Finland approves increase in EU bailout fund
(HELSINKI) - Finland's parliament on Wednesday approved strengthening the European Union's debt bailout fund but Helsinki's unresolved demand for collateral still threatened the second lifeline for Greece.
"The result of the vote is -- 'Yes' 103, 'No' 66, with 30 absent," parliamentary speaker Eero Heinaeluoma said after the vote in the 200-seat legislature.
The speaker of parliament does not cast a vote.
The approval was essentially a foregone conclusion, since Prime Minister Jyrki Katainen's conservative National Coalition Party and its coalition partners had pledged to push it through.
It was nonetheless significant, since Finland, which is locked in a row over its demands for collateral in exchange for Greek loan guarantees, was seen as a potential stumbling block to implementing changes to the European Financial Stability Facility (EFSF) drafted at a July 21 eurozone summit.
The changes need to be approved by all 17 eurozone nations.
The July 21 agreement expands the EFSF, set up after the Greek May 2010 debt crisis, increasing its effective lending capacity to 440 billion euros ($599 billion).
The Finnish parliament's green light effectively commits the Nordic country to doubling the amount of bailout loans it will guarantee to 14 billion euros ($19 billion).
The changes are part of a wider accord on a second debt bailout for Greece after the May 2010 agreement proved inadequate to stabilise the country's strained public finances and faltering economy.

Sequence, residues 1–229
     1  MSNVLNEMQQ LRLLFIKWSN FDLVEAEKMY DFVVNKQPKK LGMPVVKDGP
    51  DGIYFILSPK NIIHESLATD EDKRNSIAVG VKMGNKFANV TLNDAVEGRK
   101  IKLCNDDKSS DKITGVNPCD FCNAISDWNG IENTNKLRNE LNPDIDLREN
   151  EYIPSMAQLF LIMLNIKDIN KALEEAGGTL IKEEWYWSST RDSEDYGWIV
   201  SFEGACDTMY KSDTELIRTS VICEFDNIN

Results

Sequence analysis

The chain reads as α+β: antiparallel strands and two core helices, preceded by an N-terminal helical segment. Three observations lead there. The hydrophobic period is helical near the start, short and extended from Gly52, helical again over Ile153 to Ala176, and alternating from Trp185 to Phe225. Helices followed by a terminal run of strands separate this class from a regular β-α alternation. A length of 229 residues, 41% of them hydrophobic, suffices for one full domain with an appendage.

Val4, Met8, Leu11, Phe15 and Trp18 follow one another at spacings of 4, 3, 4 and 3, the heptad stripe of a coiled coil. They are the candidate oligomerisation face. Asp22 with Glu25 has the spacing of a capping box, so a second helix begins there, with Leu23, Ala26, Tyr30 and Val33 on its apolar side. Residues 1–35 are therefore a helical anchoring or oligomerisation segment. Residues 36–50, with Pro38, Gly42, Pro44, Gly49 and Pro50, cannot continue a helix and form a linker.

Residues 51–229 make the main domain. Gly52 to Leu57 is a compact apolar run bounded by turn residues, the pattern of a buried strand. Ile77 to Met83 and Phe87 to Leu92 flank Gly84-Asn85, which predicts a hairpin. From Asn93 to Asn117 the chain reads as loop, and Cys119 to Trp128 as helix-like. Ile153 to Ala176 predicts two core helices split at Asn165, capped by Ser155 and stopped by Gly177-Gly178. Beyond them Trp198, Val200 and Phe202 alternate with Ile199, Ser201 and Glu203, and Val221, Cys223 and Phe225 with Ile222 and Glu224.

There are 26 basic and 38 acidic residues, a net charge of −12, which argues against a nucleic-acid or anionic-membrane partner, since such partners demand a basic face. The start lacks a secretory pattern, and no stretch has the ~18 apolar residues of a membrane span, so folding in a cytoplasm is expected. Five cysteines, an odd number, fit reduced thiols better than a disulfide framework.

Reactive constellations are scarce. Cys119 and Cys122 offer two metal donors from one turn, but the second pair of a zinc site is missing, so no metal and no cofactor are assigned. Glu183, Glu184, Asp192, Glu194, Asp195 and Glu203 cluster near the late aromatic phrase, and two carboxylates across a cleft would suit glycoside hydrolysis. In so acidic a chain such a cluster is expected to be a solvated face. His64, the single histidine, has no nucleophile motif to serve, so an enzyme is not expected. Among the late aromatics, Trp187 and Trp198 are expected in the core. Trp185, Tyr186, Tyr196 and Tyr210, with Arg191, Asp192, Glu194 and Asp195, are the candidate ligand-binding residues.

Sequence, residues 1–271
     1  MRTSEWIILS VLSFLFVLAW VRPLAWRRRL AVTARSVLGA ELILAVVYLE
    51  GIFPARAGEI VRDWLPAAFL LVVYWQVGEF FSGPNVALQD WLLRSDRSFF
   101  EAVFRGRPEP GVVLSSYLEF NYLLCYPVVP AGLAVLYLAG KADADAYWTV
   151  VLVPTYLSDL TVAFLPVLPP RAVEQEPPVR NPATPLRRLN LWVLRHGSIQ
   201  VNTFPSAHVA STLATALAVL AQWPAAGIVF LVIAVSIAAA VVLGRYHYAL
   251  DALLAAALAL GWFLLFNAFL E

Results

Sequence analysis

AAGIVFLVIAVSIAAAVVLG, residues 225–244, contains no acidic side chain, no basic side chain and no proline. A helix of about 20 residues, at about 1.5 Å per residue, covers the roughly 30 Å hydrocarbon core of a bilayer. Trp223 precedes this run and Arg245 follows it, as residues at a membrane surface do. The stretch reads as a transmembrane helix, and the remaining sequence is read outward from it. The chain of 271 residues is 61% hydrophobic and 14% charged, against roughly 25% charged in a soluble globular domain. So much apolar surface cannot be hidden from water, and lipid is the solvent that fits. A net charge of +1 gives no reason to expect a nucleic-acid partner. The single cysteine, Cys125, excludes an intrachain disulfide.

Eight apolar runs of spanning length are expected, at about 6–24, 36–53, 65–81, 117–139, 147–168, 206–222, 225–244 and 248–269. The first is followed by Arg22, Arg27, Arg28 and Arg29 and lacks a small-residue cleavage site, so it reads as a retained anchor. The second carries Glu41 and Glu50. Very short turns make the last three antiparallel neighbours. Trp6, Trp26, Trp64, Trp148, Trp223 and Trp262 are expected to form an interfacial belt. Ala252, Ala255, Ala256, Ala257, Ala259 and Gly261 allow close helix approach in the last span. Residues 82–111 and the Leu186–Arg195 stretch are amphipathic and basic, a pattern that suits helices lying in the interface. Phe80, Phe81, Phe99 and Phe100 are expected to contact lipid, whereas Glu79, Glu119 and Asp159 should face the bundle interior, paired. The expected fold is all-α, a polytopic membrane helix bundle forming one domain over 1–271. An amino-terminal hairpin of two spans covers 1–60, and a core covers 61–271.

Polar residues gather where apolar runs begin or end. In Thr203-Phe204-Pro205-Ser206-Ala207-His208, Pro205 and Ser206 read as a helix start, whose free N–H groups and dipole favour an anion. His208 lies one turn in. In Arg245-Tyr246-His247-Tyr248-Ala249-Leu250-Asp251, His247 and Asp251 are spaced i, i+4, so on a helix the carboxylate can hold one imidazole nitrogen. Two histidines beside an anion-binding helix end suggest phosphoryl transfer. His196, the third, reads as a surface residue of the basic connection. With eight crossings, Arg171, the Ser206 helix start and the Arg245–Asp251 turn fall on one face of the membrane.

However, Finland's ratification of the deal and its participation in the second Greek bailout remains clouded by its continued demands for collateral, even after its attempt to bilaterally agree on guarantees with Greece was torpedoed by other EU member states last month.
That collateral dispute was sparked during Finland's April general elections, when the EU bailout packages became the top issue and voters flocked to parties that embraced a more eurosceptic attitude.
The vehemently anti-EU Finns Party went from being the smallest party to third-biggest and Katainen's unstable six-party coalition had to make collateral an absolute condition of any further bailouts.
Finland fought to have a clause included in the July agreement allowing collateral "where appropriate."
Wednesday's vote was therefore taken under the assumption that other eurozone member states will in the end agree to the collateral demand, Tampere University political analyst Pami Aalto told AFP.
"If the demand for collateral falls through completely, then the whole question of whether to support the EFSF is wide open again," said Aalto.
Without a compromise, said Aalto, Katainen's government had a hard time presenting the EFSF changes "as a good deal even to their own people."
Finland's approval Wednesday brings to 10 the number of countries that have so far ratified the EFSF changes, while the crucial German vote is scheduled for Thursday and the Austrian parliament will on Friday. Cyprus will follow next week.
Remaining eurozone members Estonia, Malta, the Netherlands and Slovakia will vote in October.
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